What To Expect After Your Covid
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People who are most at risk from the complications of coronavirus are being offered the COVID-19 vaccination. This leaflet tells you what to expect after you have had your primary or booster vaccination.
What About The New Covid Variants
The emergence of several new COVID-19 variants has sparked concern amongst experts about how fast the virus is evolving and whether existing COVID-19 vaccines will be able to keep up.
So far, early evidence suggests the new variants are likely to be covered by existing vaccines, though some mutations might slightly blunt the vaccines’ effectiveness, Professor McMillan says.
“At the moment, the vaccines look good, but we may have to tweak them in the future,” he said.
Fortunately, most of the vaccine technologies behind the COVID-19 jabs are relatively easy to adapt to emerging viral variants.
“Our best vaccine is probably always the next one,” Professor McMillan says.
“While this isn’t going to be a virus that mutates and changes as quickly as influenza, it certainly will change.
“The virus has upped its game, and so must we.”
What To Do If You Are Concerned About Your Symptoms
These symptoms normally last less than a week. If your symptoms seem to get worse or if you are concerned, call NHS 111. If you do seek advice from a doctor or nurse, make sure you tell them about your vaccination so that they can assess you properly. You can also report suspected side effects of vaccines and medicines online through the Yellow Card scheme or by downloading the Yellow Card app.
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Preparing For Your Vaccine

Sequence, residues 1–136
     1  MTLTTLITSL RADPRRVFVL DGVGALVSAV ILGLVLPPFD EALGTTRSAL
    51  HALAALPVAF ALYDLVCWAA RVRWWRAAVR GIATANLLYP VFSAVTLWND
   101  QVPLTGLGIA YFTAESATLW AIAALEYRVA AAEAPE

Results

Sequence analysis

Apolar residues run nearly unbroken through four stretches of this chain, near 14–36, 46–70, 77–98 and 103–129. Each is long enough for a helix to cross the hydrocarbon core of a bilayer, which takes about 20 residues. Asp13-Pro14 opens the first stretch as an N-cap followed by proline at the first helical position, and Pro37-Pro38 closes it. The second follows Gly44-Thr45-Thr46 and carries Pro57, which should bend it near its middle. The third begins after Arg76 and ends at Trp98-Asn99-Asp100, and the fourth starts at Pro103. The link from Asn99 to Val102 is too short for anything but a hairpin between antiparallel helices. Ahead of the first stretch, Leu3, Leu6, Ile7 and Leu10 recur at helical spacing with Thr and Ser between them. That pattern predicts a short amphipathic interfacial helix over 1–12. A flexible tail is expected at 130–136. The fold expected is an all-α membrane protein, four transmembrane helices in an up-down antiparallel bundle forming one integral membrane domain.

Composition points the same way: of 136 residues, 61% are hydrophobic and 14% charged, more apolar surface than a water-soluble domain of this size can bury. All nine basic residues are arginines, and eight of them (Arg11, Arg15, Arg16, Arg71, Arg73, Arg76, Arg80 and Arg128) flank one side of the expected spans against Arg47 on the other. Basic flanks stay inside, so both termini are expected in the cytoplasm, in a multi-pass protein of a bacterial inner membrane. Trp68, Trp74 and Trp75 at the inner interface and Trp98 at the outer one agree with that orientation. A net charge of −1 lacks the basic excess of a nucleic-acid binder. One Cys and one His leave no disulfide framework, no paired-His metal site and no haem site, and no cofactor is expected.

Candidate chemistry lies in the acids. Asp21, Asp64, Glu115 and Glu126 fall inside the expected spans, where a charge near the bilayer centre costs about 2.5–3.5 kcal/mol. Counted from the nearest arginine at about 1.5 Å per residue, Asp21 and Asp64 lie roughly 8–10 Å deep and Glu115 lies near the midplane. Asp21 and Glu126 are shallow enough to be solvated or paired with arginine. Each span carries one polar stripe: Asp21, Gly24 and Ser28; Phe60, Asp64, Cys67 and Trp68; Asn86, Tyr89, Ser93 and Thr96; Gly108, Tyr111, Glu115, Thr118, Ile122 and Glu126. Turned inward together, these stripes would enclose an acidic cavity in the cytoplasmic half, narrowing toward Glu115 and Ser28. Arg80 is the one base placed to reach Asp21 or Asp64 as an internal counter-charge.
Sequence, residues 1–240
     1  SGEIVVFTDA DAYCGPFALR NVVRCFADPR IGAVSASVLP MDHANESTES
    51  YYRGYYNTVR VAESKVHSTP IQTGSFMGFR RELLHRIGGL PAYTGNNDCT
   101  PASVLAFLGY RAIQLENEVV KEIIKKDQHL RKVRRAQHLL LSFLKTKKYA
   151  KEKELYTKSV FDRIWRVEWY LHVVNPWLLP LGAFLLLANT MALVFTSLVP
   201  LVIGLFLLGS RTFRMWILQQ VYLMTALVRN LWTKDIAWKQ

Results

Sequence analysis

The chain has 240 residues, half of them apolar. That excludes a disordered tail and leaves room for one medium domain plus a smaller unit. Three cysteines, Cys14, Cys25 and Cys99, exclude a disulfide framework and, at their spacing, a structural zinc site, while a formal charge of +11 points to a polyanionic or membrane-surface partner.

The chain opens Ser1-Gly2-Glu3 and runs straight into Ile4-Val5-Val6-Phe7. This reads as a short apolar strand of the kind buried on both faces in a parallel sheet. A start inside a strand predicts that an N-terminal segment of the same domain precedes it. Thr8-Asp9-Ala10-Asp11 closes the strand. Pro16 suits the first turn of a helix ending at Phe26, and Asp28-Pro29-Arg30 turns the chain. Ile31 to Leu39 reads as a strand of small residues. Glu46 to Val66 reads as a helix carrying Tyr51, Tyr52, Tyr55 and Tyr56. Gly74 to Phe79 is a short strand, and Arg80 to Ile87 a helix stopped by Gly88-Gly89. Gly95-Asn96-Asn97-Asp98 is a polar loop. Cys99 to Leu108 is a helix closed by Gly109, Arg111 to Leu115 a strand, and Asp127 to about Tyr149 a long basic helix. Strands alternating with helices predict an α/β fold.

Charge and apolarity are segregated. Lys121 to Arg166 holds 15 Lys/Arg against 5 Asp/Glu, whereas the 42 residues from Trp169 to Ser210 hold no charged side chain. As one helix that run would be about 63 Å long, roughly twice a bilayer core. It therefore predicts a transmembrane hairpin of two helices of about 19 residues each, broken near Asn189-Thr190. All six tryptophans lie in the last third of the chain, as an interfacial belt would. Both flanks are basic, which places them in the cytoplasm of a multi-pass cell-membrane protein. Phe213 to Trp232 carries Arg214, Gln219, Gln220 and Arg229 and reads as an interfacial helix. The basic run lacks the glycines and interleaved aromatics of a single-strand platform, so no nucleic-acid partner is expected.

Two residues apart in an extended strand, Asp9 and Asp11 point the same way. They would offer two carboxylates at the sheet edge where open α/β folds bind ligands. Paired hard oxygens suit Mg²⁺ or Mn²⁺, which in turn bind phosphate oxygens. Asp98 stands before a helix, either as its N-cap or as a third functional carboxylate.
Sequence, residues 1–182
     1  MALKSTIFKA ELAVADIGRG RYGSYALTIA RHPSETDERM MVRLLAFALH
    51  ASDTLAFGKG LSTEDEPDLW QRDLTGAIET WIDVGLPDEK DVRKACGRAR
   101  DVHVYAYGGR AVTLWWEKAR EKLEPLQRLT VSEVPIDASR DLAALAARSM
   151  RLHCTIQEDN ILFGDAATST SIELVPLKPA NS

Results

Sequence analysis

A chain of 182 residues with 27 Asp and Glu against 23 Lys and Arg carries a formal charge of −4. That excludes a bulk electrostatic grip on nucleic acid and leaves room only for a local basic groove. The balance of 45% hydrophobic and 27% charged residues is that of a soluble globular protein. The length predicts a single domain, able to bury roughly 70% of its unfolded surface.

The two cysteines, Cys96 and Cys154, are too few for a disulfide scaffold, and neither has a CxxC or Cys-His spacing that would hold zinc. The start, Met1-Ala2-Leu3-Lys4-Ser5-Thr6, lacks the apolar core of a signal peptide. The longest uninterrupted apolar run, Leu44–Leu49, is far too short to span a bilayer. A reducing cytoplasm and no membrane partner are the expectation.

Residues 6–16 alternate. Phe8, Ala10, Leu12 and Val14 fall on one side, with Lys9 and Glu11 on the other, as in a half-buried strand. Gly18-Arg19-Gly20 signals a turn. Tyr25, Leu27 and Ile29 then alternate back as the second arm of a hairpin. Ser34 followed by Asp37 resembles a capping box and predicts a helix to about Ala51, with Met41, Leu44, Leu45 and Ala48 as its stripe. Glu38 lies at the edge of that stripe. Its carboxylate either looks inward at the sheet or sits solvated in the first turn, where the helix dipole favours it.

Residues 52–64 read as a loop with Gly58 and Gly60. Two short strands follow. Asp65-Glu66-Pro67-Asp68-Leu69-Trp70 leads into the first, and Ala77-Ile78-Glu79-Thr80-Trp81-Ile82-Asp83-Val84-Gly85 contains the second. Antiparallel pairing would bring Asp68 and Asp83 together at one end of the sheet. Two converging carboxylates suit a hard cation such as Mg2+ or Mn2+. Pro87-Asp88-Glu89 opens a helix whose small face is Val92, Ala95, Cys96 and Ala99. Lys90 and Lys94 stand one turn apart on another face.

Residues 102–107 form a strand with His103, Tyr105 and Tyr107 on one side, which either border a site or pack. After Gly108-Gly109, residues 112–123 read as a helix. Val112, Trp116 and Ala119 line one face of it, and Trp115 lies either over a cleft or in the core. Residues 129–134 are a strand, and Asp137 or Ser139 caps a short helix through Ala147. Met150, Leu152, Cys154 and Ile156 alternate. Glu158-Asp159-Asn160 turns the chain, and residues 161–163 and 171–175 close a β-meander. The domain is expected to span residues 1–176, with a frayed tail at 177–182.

You can get a COVID-19 vaccine and other vaccines, including a flu vaccine, at the same visit. Experience with other vaccines has shown that the way our bodies develop protection, known as an immune response, and possible side effects after getting vaccinated are generally the same when given alone or with other vaccines. Learn more about the timing of other vaccines.
You should get a COVID-19 vaccine even if you already had COVID-19.
Getting sick with COVID-19 offers some protection from future illness with COVID-19, sometimes called natural immunity. The level of protection people get from having COVID-19 may vary depending on how mild or severe their illness was, the time since their infection, and their age. No currently available test can reliably determine if a person is protected from infection.
All COVID-19 vaccines currently available in the United States are effective at preventing COVID-19. Getting a COVID-19 vaccine gives most people a high level of protection against COVID-19 even in people who have already been sick with COVID-19.
Emerging evidence shows that getting a COVID-19 vaccine after you recover from COVID-19 infection provides added protection to your immune system. One study showed that, for people who already had COVID-19, those who do not get vaccinated after their recovery are more than 2 times as likely to get COVID-19 again than those who get fully vaccinated after their recovery.
Why People Are Getting Covid
Were seeing more reinfections now than during the first year of the pandemic, which is not necessarily surprising, Dr. Esper says.
The CDC says cases of COVID-19 reinfection remain rare but possible. And with statistics and recommendations changing so quickly and so frequently, that rare status could always change, as well.
Dr. Esper breaks down the reasons behind reinfection.
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New Variants Change The Herd
Even as vaccine roll-out plans face distribution and allocation hurdles, new variants of SARS-CoV-2 are sprouting up that might be more transmissible and resistant to vaccines. Were in a race with the new variants, says Sara Del Valle, a mathematical and computational epidemiologist at Los Alamos National Laboratory in New Mexico. The longer it takes to stem transmission of the virus, the more time these variants have to emerge and spread, she says.
Brazil began widespread distribution of Sinovac Biotechs CoronaVac vaccine in January.Credit: Rodrigo Paiva/Getty